FIGURE 4
www.frontiersin.org

Figure 4. Examples of measured and calculated temperatures at the outlet of test section for various combinations of component liquid flow rates at the inlet of heated test section: (A) entire heat flux range, (B) magnified range in low heat flux.

FIGURE 5
www.frontiersin.org

Figure 5. The variation of parameter ξ representing the ratio of heat transferred to more-volatile component FC72 to the total in Region B.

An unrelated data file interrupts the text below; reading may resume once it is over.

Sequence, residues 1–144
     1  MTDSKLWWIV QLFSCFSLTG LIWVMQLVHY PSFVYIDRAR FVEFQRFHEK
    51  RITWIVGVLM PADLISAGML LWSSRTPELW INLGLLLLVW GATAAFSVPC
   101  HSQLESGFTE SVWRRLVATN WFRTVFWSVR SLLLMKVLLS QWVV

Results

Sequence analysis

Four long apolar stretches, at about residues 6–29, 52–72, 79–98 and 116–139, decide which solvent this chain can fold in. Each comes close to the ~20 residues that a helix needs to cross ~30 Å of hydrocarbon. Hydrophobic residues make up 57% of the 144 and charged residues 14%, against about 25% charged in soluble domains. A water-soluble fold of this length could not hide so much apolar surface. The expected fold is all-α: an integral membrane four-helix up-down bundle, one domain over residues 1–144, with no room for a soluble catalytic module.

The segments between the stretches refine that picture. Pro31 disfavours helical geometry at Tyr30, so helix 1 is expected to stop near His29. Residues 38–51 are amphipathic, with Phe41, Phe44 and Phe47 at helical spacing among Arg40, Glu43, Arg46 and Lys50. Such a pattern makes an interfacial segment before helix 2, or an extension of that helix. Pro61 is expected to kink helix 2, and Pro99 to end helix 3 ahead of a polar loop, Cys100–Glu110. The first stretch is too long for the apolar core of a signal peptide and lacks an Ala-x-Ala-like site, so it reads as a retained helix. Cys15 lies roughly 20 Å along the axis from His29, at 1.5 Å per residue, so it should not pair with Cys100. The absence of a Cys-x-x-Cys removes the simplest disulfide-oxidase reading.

On the other hand, reasons for the discrepancy between the calculated and measured temperatures for pure components are deduced as follows. For both pure components, the calculate value of exit temperature increases monotonously with increasing heat flux under the subcooled liquid condition at the exit, while it becomes saturation temperature at higher heat flux. For FC72, the measured exit temperatures are far smaller than the calculated values. The occurrence of subcooled boiling consumes the supplied heat and reduces the sensible heat transferred to the liquid. The situation is also true for water. The discrepancy becomes smaller by the reduction of subcooling at higher heat flux. In addition, the measured liquid temperature in the bulk flow can become lower by the sensible heat accumulated in the superheated layer when the mixing of liquid is not enough especially at low heat flux. By these reasons, the measured temperatures become smaller than the prediction by the heat balance Eqs 1 and 2. To check the reproducibility of the experimental data for pure water, the experiment was repeated again. However, the trend of the data was the same. In despite of such discrepancy, the calculated temperature distribution along the flow direction is used for both of pure components ignoring the existence of non-equilibrium state.